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Saturday, April 6, 2013

Author Interview – Carey Jane Clark

7:30 AM Posted by James Noel No comments

 

What dreams have been realized as a result of your writing? I really enjoy hearing from readers. My favorite comment of all time came from someone I’d previously had only professional contact with. While it’s women who seem to identify most with After the Snow Falls, this was a male reader. He told me that although mine wasn’t the kind of book he usually picked up, he was glad he did. He compared himself to Alfie, Celia’s father, and told me how the story had touched his life.

This was the best reward I could have received for writing After the Snow Falls. This was the dream I had when I sat down to write it.

Do you have to travel much concerning your book(s)? I set After the Snow Falls in a location that’s familiar to me: the Ottawa Valley where my husband grew up and where his parents live today. The story I’m working on now, with the working title What the Girl Knew, is set in Ontario, Canada, also in a location familiar to me. My middle-grade novel is set in the Amazon rainforest. While I’ve been close–three different cities in Brazil–I haven’t been to the heart of the Amazon basin yet (but I’d love to go). I do a lot of research into locations I haven’t encountered, and readers tell me I’m able to evoke vivid, convincing imagery.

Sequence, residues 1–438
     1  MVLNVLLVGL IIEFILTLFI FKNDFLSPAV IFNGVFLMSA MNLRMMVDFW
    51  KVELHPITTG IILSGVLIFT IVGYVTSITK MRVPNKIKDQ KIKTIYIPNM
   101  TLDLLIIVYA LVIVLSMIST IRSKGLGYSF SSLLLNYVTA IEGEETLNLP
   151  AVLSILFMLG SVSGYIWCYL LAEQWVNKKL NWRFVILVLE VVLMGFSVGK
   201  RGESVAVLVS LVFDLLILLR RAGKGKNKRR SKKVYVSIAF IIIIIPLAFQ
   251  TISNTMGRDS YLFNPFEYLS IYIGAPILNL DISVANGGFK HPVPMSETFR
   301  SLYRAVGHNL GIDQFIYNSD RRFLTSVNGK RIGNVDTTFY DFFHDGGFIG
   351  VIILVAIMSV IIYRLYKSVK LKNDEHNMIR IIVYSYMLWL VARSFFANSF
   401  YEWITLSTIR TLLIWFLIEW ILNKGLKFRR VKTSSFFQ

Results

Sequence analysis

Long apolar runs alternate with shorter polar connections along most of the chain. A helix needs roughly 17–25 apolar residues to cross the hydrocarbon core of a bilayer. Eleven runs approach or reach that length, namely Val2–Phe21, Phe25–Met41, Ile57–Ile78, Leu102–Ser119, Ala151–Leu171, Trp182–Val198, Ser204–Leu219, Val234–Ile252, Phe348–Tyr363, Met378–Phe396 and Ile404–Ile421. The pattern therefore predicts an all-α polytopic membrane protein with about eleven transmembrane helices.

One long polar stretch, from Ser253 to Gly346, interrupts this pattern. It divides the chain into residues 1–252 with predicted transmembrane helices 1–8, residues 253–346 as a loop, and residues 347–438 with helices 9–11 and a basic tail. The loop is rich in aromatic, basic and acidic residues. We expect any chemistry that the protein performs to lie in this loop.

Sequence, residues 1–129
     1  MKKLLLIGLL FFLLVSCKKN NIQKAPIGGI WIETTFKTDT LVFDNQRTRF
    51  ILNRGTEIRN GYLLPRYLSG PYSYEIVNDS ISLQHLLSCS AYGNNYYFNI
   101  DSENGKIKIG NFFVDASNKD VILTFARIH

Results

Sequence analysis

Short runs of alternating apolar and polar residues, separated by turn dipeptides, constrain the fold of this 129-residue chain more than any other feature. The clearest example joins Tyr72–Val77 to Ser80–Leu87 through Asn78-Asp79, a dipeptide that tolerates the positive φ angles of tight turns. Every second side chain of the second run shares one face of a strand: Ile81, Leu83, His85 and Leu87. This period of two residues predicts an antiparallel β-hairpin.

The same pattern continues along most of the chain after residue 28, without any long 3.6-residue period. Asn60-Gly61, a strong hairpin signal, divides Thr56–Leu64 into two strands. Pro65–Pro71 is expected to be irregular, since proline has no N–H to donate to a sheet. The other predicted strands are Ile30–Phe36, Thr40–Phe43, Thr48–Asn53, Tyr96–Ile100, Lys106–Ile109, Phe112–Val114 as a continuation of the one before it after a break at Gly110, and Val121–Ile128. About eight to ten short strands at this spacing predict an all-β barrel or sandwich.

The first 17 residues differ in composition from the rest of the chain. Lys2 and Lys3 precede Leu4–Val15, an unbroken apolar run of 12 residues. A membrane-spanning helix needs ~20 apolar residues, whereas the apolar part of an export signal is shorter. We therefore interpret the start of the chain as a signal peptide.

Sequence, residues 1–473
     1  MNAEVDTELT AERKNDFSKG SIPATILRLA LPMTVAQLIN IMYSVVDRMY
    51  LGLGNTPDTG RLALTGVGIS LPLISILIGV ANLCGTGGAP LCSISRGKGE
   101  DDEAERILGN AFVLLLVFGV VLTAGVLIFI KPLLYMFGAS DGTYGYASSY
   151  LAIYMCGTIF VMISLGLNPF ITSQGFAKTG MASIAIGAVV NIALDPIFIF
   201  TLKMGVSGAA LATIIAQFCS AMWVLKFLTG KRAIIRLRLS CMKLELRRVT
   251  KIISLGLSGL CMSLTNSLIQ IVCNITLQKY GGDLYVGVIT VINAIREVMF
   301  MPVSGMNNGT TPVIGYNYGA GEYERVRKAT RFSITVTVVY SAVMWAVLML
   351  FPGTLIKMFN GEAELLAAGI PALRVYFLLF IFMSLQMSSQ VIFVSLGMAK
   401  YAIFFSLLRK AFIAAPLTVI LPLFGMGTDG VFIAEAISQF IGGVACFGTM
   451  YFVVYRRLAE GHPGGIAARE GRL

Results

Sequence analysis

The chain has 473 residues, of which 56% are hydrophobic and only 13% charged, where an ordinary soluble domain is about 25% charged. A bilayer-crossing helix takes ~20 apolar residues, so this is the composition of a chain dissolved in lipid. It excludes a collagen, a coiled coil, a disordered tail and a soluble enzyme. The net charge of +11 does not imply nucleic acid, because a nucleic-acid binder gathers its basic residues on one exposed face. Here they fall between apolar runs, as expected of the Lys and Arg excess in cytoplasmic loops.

What was the hardest part about writing this book? I’ve learned a lot more about how to write more quickly, but I wrote After the Snow Falls over quite a long period of time–with life interruptions like the birth of a third child and a move to China. Having never experienced any difficulties in pregnancy myself, I wrote the part of Celia’s infertility and frequent miscarriages from information I researched on the Internet. But when it came time for revision, I was working through those scenes while I was actually going through a miscarriage myself. That was tough.

Have you ever had writer’s block? I’m not a big believer in writer’s block. It’s easy to get stuck, but the key is to learn tricks and techniques to quickly get unstuck. Sometimes it’s as simple as getting up and making another cup of tea–a change of scenery, a matter of getting the blood pumping again. Sometimes it’s a little tougher, but what I’ve learned about my (perfectionist) self is that a blank page can intimidate me. But if I open a new document outside of my project and just start freewriting and talking to myself on “paper,” I start to think of new possibilities and developments that hadn’t occurred to me before. I need to have that permission to just follow any trail and not have it matter if it doesn’t turn out or isn’t the most brilliant thing I’ve ever written. Once I’ve freed myself that way, the words start flowing.

When and why did you begin writing? I began a novel while I was in university, and although I received a personal reply from an editor after sending in the first three chapters and a synopsis, I didn’t pursue that story. After my son was born, while I was on maternity leave, I began to seriously write and study the art of fiction. After my daughter was born, I began work on what–after numerous revisions–became After the Snow Falls.

What genre are you most comfortable writing? I am most comfortable with contemporary fiction. I am writing another contemporary novel now, and am working on revising a middle-grade novel–also set in modern times.

What are you most proud of accomplishing so far in your life? I am immensely proud of my children. That’s not really an accomplishment, but I’m really grateful for the opportunity to homeschool them and spend the time with them that choice affords.

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Genre – Inspirational

Rating – PG (some difficult subject matter)

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